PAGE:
User:Jrients/S. John Ross(game designer)

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Jrients/S. John Ross(game designer)
A man in his late sixties. He has a beard, glasses, and is wearing a Hawaiian shirt.
Gygax at Gen Con Indy 2007
Born Ernest Gary Gygax
(1938-07-27)July 27, 1938[1]
Chicago, Illinois, United States
Died March 4, 2008(2008-03-04) (aged 69)
Lake Geneva, Wisconsin, USA
Occupation Writer, game designer
Nationality United States
Period 1971–2008
Genre Role-playing games, fantasy, wargames
Spouse Mary Jo Powell (m. 1958)
Gail Carpenter (August 15, 1987 – March 4, 2008)

Books-aj.svg aj ashton 01.svg Literature portal

Ernest Gary Gygax (/ˈɡɡæks/ GY-gaks; July 27, 1938 – March 4, 2008)[3] was an American writer and game designer best known for co-creating the pioneering role-playing game Dungeons & Dragons (D&D) with Dave Arneson. Gygax has been described as the father of D&D.[4]

In the 1960s, Gygax created an organization of wargaming clubs and founded the Gen Con gaming convention. In 1971, he helped develop Chainmail, a miniatures wargame based on medieval warfare. He co-founded the company Tactical Studies Rules (TSR, Inc.) with childhood friend Don Kaye in 1973. The following year, he and Dave Arneson created D&D, which expanded on Gygax's Chainmail and included elements of the fantasy stories he loved as a child. In the same year, he founded The Dragon, a magazine based around the new game. In 1977, Gygax began work on a more comprehensive version of the game, called Advanced Dungeons & Dragons. Gygax designed numerous manuals for the game system, as well as several pre-packaged adventures called "modules" that gave a person running a D&D game (the "Dungeon Master") a rough script and ideas on how to run a particular gaming scenario. In 1983, he worked to license the D&D product line into the successful D&D cartoon series.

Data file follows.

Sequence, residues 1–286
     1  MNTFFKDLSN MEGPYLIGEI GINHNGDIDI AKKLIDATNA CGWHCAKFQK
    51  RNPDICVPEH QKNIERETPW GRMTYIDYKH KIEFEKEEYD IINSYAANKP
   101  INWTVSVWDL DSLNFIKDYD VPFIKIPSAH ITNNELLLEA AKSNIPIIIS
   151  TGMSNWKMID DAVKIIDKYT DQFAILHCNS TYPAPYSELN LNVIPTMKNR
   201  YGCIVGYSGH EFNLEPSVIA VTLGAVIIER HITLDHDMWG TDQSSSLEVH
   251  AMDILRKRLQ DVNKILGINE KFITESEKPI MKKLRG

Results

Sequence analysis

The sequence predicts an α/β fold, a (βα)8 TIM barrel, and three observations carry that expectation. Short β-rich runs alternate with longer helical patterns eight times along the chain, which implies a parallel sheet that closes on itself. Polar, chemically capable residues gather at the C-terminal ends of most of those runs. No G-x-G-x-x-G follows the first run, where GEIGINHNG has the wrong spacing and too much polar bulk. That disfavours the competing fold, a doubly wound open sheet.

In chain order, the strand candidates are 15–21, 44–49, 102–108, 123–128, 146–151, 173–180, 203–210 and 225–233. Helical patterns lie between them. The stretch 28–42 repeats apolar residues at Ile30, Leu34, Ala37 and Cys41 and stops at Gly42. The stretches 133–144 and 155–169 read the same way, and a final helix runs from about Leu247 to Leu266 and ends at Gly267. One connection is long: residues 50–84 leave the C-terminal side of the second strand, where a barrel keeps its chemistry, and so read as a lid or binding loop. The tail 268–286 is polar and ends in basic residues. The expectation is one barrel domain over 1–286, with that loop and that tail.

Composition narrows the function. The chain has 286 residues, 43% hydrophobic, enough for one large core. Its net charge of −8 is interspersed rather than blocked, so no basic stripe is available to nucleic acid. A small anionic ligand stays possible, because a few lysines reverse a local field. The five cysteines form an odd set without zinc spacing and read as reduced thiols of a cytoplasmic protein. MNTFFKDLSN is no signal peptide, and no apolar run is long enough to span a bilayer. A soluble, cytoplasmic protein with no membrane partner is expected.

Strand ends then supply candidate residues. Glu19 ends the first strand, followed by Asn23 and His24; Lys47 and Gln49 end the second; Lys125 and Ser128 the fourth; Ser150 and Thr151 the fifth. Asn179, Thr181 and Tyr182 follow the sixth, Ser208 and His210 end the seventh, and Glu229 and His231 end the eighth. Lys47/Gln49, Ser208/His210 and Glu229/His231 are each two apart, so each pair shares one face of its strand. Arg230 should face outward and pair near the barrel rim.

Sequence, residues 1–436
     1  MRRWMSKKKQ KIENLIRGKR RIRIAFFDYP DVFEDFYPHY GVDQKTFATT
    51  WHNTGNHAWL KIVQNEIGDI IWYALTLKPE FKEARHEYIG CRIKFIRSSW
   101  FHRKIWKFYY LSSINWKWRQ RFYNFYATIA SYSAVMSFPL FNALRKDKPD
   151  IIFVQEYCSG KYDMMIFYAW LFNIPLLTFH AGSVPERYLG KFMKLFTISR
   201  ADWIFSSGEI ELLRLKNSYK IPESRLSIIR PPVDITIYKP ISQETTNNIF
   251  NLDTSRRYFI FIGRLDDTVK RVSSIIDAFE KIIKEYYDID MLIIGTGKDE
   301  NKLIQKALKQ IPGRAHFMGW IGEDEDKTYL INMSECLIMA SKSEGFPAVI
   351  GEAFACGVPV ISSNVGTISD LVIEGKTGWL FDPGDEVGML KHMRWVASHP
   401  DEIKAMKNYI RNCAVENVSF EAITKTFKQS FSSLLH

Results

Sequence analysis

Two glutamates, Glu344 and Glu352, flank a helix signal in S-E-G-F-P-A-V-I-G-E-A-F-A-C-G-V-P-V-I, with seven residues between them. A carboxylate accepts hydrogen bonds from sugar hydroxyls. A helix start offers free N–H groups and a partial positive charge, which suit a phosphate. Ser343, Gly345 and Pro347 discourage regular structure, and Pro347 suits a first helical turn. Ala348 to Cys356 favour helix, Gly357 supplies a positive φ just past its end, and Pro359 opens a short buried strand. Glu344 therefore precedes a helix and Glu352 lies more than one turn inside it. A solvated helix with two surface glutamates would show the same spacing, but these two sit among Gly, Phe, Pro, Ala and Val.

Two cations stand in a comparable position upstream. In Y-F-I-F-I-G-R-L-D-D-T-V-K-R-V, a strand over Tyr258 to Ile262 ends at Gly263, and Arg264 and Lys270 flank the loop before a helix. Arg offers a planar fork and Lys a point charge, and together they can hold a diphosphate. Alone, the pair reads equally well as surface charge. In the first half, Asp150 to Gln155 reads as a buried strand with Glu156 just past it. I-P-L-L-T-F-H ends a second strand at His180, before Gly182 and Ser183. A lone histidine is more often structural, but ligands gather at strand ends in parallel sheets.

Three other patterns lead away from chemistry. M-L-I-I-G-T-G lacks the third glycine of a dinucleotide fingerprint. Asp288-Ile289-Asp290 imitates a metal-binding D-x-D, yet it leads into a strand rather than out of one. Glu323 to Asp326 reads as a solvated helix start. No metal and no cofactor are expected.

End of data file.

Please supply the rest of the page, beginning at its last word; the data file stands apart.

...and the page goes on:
1. ^ "United States Social Security Death Index," index, FamilySearch ( : accessed 12 Feb 2013), Ernest G Gygax, 4 March 2008; citing U.S. Social Security Administration, Death Master File, database (Alexandria, Virginia: National Technical Information Service, ongoing).
  2. ^ Gygax, Gary (1985). "On the influence of J.R.R. Tolkien on the D&D and AD&D games". Dragon (95): 12–13. A careful examination of the games will quickly reveal that the major influences are Robert E. Howard, L. Sprague de Camp and Fletcher Pratt, Fritz Leiber, Poul Anderson, A. Merritt, and H.P. Lovecraft. 
  3. ^ Mead, Lawrence; Malcomson, Ian (2003). "Dungeons & Dragons FAQ". Wizards of the Coast. Archived from the original on October 3, 2008. Retrieved October 3, 2008. 
  4. ^ Rausch, Allen (2004). "Gary Gygax Interview - Part I (page 1)". GameSpy. Archived from the original on October 4, 2008. Retrieved January 3, 2005.